It must be human nature to want to put things, including humans and other animals, into discrete categories. We think of people as “kind” or “mean”, without allowing for all the gray area in between. That’s what confuses people about Travis, the chimpanzee who was killed recently after attacking a woman in Connecticut. How could an animal that lived for over a decade in a woman’s home suddenly become so spectacularly violent? It doesn’t sit well with people, so we try to explain it away. It must have been the victim’s haircut. She was holding a doll. Travis was simply defending his territory. He was protecting the woman who owned him.
I think its great that most people don’t blame Travis, and I think some of these things may very well have played a part in the attack. But if we really want to protect chimpanzees and the public, and ensure that incidents like this don’t happen again, we need to have a more nuanced understanding of chimpanzee behavior. The truth is that they just don’t fit into our neat little categories.
Chimpanzees can be incredibly violent, and not always for reasons we would consider noble. Chimpanzee communities have complex and ever-changing dominance hierarchies. Dominance is achieved through a number of means, the most obvious of which is violence. Here at the sanctuary, it is common for Burrito to charge through the enclosures for no apparent reason, hitting the girls as he goes. Why does he do this? Mostly to keep them on their toes, and to remind them who’s boss (or who thinks he’s boss). Whether he is conscious of this strategy or simply fulfilling an instinctual urge, I don’t know. Probably both. But its not what we would normally call “nice”. Recently, the girls had enough of this behavior, and they pinned him down and bit him all over his body. It was a brutal lesson for Burrito, but once again, its just part of chimpanzee life. Many conflicts are resolved through violence, and there’s nothing we can do to change that.
Pick up any book about wild chimpanzee communities, and you’ll read about young males violently overthrowing an old alpha male that wasn’t physically up to the fight anymore. Or about groups of males that patrol borders and kill individuals from neighboring communities that get a little too close. While many primatologists try to avoid loaded words like “murder”, that’s what it is.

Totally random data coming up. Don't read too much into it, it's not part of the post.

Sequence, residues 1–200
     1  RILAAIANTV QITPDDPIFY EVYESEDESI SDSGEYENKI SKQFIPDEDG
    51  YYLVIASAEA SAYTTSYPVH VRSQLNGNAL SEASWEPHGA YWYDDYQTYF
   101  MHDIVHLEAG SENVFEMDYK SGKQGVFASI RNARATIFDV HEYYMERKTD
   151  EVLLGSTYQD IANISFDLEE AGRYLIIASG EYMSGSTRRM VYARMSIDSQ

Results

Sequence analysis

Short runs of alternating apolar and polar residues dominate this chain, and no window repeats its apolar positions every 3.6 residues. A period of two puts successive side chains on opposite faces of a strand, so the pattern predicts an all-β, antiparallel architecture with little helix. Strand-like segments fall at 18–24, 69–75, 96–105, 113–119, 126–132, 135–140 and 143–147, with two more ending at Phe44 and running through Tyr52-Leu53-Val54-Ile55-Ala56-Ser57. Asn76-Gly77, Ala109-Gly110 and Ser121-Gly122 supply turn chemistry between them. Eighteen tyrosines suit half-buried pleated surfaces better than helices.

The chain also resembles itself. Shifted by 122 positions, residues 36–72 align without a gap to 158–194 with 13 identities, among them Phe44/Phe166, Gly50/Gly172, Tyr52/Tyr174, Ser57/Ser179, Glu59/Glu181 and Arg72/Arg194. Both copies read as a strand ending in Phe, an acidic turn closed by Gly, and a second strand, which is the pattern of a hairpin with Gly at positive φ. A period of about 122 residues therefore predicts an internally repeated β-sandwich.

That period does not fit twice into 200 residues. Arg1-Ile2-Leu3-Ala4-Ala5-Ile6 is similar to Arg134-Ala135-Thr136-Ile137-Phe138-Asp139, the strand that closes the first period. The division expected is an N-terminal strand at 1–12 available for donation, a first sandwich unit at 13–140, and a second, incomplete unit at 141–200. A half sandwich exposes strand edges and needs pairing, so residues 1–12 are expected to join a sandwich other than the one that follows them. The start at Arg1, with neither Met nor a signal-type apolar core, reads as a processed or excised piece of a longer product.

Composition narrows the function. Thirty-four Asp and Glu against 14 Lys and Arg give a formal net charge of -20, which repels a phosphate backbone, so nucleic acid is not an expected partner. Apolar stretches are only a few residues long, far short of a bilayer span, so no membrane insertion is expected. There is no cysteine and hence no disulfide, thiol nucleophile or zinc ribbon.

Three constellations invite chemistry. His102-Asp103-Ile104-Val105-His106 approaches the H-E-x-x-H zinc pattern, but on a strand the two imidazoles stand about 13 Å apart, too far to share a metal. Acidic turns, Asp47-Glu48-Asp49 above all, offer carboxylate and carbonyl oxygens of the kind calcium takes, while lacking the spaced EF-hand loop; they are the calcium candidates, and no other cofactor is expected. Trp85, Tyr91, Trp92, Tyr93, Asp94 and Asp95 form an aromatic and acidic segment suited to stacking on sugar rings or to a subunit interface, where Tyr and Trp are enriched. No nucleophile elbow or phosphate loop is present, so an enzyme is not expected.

If you’ve followed our blog, you’ve seen how gentle and peaceful chimpanzees can be. Every day, we interact with the chimpanzees in many ways – playing chase, exchanging grunts, grooming one another, allowing them to kiss the backs our hands, etc. But if you’ve looked closely, you’ve probably noticed that we are extremely careful in these situations. We never penetrate the caging with our fingers (if the chimps want to be groomed, they have to put their body up against the caging), and we keep our bodies far enough away from the caging that we can’t be grabbed or pulled in (if they want to groom us, they have to stick their lips or fingers all the way out). Why would we be afraid of our friends?
Frankly, in the chimp world, friends sometimes bite each other’s fingers off. No matter how close or friendly our relationships are with the chimps in our care, there’s no guarantee that they won’t hurt us. In fact, given enough unsafe interactions, you can guarantee that someone will get hurt. And that’s not fair to the chimps. Just look at what happened to Travis.
There are many lessons to be learned from Travis’ death, but the most important is that we simply shouldn’t put chimpanzees into situations where they can hurt someone. It is our responsibility to prevent these things from happening, not theirs.
I love the chimps I care for, and all of the chimps I’ve ever had the privilege of knowing. I consider them friends as much as I do my human companions. But if we truly love them, we need to treat them with the respect they deserve, and that includes respect for their complex nature. Chimpanzees are fascinating, and I don’t blame people for being attracted by their similarity to us. But they are not meant for our world, any more than we are meant for theirs.